As Los Angeles County moved into the state’s least restrictive tier of coronavirus restrictions, Glendale’s unemployment rate fell last month following a brief bump in April.
The local unemployment rate dipped from 11.1% in April to an estimated 10.4% in May, according to the California Employment Development Department, with the number of out-of-work residents falling from roughly 11,500 to 10,800. The lowest rate for the city since April 2020 was in November, when about 10,500 locals were unemployed — 10.3% of the labor force.
Glendale’s highest pandemic-era unemployment rate was in May 2020, when 21.9% of its labor force — about 21,300 people — were out of work. That rate in February 2020 was 4.2%, representing just 4,400 people.
Between April and May this year, the city’s labor force — composed of residents currently working or looking for work — increased from 103,800 to 104,100, while its number of employed residents increased from 93,200 to 93,400.
The data was collected after L.A. County entered the yellow tier amid falling coronavirus infection rates and a rising number of vaccinations. Bars were permitted to resume indoor service at 25% capacity, while indoor capacity limits were raised for other businesses.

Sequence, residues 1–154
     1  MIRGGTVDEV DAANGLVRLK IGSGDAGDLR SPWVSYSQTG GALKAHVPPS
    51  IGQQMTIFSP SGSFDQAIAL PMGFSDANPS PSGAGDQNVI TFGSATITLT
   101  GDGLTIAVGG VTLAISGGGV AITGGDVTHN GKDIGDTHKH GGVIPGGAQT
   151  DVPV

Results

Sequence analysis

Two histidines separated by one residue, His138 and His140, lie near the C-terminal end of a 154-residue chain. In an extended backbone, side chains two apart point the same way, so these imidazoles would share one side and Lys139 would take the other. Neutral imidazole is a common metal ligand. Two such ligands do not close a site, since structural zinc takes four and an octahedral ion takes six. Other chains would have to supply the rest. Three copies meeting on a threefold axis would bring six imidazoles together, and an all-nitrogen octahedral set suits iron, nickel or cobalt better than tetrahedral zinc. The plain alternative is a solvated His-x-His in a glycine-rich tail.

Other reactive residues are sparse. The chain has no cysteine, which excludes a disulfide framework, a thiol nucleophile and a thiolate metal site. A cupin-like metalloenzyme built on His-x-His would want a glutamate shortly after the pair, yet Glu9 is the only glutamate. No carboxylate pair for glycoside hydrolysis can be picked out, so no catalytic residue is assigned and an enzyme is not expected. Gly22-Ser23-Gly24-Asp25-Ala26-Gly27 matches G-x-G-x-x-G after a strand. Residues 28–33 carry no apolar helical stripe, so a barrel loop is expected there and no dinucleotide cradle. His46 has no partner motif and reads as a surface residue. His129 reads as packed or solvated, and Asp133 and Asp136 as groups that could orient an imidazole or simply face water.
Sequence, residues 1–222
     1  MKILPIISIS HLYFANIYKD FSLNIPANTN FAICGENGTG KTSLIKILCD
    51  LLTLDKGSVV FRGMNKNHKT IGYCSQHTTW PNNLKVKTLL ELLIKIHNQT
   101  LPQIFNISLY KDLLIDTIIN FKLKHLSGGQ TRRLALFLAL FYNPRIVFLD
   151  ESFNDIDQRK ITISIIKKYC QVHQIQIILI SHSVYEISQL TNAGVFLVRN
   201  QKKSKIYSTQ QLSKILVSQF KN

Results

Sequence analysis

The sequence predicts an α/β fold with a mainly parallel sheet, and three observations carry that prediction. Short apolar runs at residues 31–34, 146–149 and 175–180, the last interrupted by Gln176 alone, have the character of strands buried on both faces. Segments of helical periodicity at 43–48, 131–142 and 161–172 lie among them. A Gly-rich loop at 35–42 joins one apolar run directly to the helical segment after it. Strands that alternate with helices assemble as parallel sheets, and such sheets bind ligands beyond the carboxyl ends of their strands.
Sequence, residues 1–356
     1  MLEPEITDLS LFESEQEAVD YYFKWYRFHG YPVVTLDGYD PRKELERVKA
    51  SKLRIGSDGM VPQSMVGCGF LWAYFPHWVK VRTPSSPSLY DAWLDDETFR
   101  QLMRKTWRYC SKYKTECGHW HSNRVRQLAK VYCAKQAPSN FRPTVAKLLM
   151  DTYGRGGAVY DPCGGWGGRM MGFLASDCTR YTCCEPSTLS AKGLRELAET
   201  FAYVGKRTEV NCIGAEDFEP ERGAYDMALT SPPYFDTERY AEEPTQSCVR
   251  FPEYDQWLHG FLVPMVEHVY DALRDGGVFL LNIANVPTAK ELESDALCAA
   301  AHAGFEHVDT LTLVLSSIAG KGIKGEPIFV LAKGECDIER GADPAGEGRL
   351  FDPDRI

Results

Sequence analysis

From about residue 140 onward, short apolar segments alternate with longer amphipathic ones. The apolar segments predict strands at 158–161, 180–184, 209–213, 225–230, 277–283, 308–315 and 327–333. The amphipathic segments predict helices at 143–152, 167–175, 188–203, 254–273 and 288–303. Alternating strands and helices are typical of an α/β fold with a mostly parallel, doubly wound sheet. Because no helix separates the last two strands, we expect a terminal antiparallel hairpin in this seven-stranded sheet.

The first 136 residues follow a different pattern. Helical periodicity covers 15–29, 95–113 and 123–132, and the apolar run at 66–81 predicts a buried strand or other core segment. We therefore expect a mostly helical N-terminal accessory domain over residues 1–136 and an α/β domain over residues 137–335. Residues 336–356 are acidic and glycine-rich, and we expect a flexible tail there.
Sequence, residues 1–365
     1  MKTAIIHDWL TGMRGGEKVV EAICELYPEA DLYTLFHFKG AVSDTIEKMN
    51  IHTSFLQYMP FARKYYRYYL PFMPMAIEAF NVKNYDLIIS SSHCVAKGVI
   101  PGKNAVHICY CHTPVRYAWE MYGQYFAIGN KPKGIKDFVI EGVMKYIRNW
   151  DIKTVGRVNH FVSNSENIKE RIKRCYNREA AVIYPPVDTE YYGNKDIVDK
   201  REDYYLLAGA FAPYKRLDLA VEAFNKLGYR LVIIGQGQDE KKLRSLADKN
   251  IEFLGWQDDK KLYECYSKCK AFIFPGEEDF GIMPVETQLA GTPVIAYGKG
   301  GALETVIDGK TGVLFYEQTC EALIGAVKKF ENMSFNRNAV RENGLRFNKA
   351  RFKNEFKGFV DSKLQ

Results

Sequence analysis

The county’s unemployment rate fell from 11.2% in April to an estimated 10.1% in May, or from roughly 572,900 to 519,500 unemployed residents. L.A. County’s rate has historically been slightly higher than Glendale’s, peaking in the past year at 20.8% in May 2020, but has dropped below the city’s rate at some points during the pandemic.
Those capacity limits were removed entirely last week on the long-awaited day of June 15. California officials also did away with social-distancing requirements and heavily revised mask requirements, allowing fully vaccinated residents to be indoors without face coverings in most instances.
The EDD reported that the state unemployment rate fell from about 8.1% in April to 7.5% in May, with more than 1.4 million residents still without work last month.
In L.A. County, the leisure and hospitality sector — which includes restaurants and independent artists, writers and performers — saw some of the largest job gains from April to May, increasing by about 3.6%, or by 34.1% from May 2020 to May 2021.
Other sectors saw milder changes. Retail trade jobs remained relatively flat, while the federal government sector saw job losses, as did grocery stores.
The EDD data is not seasonally adjusted, which means it doesn’t account for normal fluctuations in the unemployment rate such as those related to holiday periods or the school year.